With my first Marathon in the bag I’ve had a few weeks to reflect and decide on where I want to take my running journey.
Back in spring last year, before deciding on running the Manchester Marathon, I entered the public ballot for the Virgin London Marathon. As a new runner this was my main exposure to marathon running. I’d watched the live coverage on the television since I was a kid and seen it in person a few times too, so this was naturally my number one choice if I was going to try and do the unfathomable and run one myself!
As spring turned to summer, turned to autumn, myself and around 250,000 others waited excitedly to find out if we’d been allocated that most elusive of beasts, a bib number in the London Marathon. In previous years the ballot system would be open for a short period of time, possibly less than 24 hours, before closing to new entries, but for 2015 it was open for a full 5 days, allowing a much higher number of entrants.
Even with the old system the odds of bagging a spot weren’t great and you’d often hear stories of runners applying year after year without luck, so the chances that I’d be offered a place on my first entry were not good. After 5 months, and then two days of excitement after hearing that others had started to receive the news, I received an email informing me… I’d not been successful.
My London 2016 dreams were crushed. But I wasn’t disheartened and I decided to enter the Greater Manchester Marathon instead. I’d heard lot’s of good things from the previous year, and best of all there was no ballot, just pay your money and the place is yours.
What about the London dream?
When the sponsor changed from Flora to Virgin in 2010 they removed the 5 refusal system, where you’d finally be offered a place after 5 rejections. Along with the increased number of entrants, this leaves a system where you could be lucky enough to get a place year after year, or spend a decade trying – I know of one person who has been trying to get a place for the last nine years.
Not being the sort of person who likes leaving things to chance, what can I do about this? Short of becoming a minor celebratory, who seem to be offered as many places as they want, or running for a charity, who require you to raise thousands of pounds for them in return, I’ve got one option – Good for Age (GFA).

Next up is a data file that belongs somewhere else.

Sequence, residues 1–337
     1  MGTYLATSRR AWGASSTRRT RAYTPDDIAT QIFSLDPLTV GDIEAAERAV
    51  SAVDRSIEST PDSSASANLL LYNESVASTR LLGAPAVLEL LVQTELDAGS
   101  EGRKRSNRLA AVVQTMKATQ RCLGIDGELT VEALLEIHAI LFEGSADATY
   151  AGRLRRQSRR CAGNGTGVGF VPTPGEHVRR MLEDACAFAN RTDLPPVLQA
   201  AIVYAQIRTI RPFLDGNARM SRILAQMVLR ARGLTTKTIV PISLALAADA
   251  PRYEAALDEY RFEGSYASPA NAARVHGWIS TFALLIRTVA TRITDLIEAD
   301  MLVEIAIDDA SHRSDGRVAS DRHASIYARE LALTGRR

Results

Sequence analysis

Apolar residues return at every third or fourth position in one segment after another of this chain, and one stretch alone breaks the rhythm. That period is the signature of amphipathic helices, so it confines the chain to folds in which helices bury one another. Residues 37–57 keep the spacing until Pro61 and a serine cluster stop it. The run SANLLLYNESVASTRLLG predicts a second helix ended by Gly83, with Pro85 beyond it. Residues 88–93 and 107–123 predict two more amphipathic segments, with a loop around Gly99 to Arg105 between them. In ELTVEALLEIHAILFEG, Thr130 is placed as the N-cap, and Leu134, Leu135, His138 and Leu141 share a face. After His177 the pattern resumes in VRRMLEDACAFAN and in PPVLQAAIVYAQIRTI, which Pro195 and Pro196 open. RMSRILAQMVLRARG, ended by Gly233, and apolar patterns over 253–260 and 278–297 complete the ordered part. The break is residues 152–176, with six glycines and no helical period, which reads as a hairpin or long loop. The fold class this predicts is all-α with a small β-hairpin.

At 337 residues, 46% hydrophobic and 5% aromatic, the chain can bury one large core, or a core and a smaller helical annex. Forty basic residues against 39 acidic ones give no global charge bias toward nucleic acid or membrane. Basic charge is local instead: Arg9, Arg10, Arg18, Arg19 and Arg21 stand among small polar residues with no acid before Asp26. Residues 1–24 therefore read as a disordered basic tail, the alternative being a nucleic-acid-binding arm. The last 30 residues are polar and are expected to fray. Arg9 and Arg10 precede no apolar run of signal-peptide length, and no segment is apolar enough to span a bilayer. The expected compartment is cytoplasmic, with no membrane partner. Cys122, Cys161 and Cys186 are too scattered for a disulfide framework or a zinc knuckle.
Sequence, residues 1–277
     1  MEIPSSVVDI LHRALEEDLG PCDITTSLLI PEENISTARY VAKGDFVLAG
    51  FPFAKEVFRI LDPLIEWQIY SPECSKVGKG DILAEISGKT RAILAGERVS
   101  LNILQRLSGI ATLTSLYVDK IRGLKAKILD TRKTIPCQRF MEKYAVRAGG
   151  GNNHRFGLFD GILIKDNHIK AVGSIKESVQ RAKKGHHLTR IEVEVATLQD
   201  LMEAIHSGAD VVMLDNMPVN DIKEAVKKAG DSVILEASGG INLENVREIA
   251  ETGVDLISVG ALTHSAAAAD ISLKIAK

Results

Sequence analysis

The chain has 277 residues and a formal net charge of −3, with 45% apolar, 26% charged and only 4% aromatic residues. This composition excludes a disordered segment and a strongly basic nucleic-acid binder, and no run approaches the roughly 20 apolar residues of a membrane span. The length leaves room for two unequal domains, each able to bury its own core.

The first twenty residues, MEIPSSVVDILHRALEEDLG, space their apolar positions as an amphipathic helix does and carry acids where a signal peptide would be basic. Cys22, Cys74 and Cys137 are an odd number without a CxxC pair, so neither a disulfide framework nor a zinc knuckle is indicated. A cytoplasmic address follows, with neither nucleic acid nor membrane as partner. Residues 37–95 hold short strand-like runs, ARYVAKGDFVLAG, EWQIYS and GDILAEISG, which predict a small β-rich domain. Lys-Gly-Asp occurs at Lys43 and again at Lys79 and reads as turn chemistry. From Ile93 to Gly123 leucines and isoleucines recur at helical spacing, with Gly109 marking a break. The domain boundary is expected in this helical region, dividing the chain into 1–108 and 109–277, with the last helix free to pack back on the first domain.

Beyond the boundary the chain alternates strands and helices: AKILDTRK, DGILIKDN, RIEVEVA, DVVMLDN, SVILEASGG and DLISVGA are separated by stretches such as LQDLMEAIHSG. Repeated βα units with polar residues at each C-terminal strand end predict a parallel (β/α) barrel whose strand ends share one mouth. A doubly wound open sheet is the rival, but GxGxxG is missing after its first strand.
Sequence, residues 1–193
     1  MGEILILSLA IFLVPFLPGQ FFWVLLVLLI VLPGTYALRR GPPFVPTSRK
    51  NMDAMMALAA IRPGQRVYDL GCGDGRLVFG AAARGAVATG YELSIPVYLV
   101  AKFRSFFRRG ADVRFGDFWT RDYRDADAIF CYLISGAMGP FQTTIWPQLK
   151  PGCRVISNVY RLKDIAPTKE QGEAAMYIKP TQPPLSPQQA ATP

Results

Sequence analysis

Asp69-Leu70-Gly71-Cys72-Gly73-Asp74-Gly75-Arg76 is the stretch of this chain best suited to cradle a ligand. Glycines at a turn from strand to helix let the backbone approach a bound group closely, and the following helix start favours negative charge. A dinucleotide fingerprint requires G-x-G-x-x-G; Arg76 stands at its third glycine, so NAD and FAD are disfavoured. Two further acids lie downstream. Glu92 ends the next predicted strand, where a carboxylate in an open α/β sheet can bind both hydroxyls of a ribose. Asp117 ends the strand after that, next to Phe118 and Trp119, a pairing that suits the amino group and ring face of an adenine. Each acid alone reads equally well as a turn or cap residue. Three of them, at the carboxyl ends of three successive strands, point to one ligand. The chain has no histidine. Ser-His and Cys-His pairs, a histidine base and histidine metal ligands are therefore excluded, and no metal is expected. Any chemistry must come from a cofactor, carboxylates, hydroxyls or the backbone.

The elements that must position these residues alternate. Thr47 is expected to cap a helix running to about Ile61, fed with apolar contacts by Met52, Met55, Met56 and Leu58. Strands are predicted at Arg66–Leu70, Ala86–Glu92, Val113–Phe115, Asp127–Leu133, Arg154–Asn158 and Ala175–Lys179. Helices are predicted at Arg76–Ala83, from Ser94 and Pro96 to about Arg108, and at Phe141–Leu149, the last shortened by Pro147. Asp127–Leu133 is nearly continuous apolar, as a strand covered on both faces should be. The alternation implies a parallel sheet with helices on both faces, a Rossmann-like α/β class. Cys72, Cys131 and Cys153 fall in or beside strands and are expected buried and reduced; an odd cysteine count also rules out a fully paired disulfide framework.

The Good for Age system allows anyone who can prove they have completed a qualifying race in a set time to gain automatic entry. Fantastic! So let’s have a look at the GFA times required for the Virgin London Marathon 2017.
|Men||Time (in hours)||Women||Time (in hours)|
|Age 18-40||sub 3:05||Age 18-40||sub 3:45|
|Age 41-49||sub 3:15||Age 41-49||sub 3:50|
|Age 50-59||sub 3:20||Age 50-59||sub 4:00|
|Age 60-64||sub 3:45||Age 60-64||sub 4:30|
|Age 65-69||sub 4:00||Age 65-69||sub 5:00|
|Age 70-75||sub 5:00||Age 70-75||sub 6:00|
|76+||sub 5:30||76+||sub 6.30|
OK, not so fantastic. Being lucky enough to currently fall into the 18-40 category, I need a marathon time of sub 3:05 to qualify. Any officially recognised marathon will do, but it’s the time that’ll be hard bit.
The Sub 3 Hour Marathon
Most runners I know have targets. That might be a sub 30 minute 5k or a sub 20 minute 5k, a sub 35 minute 10k or a sub 2 hour half marathon. Targets are a great motivational tool and it’s always good to have something to aim for, but why a sub 3 hour marathon? It’s hard enough to aim for the good for age time so why not aim for that? I don’t have an answer, and to be completely honest I’d be very happy with either, but the sub 3 hour mark is where I’m going to aim my sights and we’ll see how close I can get.
With my current marathon time sitting in the high 3 hour range it’s a huge chunk of time to knock off, but this is a long term plan. Let’s see what can be achieved in the next twelve months before the next spring marathon season and then go from there.
So who’s with me? What progress are you hoping to make over the next twelve months?